What Limegrover and Kill brought to the table was a preference for a Wisconsin style running attack, with spread tendencies laid over the top. The result was a statistically average offense that was unable to break big plays, but was very efficient at moving the ball.

Kill has a style of quarterback he prefers, Mitch Leidner was a perfect example. His current stable consists of last year's starter, Gio Rescigno, grad transfer Kyle Bolin from Louisville, and the talented but erratic freshman Lewis.

Kill believes in his system and philosophy, it served him very well in high level football from Southern Illinois to Northern Illinois to Minnesota. Everyone of those jobs was a complete teardown and rebuild, and Kill is building this for the long haul. Which means the critics are out in New Jersey as they do not have the patience for the Kill rebuild.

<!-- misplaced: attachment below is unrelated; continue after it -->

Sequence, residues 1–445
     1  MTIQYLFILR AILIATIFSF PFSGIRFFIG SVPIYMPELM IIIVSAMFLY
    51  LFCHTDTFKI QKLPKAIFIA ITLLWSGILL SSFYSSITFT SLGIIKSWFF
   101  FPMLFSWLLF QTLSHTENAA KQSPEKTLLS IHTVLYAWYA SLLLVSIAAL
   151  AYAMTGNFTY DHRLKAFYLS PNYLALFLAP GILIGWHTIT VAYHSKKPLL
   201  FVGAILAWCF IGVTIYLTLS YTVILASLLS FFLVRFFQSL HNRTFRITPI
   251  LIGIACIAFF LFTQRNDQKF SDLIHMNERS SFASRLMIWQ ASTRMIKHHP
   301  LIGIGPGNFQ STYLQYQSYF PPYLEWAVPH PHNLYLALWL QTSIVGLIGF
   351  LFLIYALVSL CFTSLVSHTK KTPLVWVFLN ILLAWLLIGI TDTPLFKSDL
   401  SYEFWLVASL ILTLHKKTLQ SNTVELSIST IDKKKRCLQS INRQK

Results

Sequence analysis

The system and philosophy method means the playcalling is frustrating as one watches games, and Kill refuses to call plays to beat a defense. He would rather attempt to impose his will and stay in his comfort zone. The approach has ups and downs. It allows Rutgers to hang tight with teams like Nebraska and have the ability to pull upsets. It also allows a team like Eastern Michigan to pull an upset of the Scarlet Knights. It is actually a benefit to the Illini that Kill coaches based on this philosophy. Rutgers is almost incapable of coming back from deficits.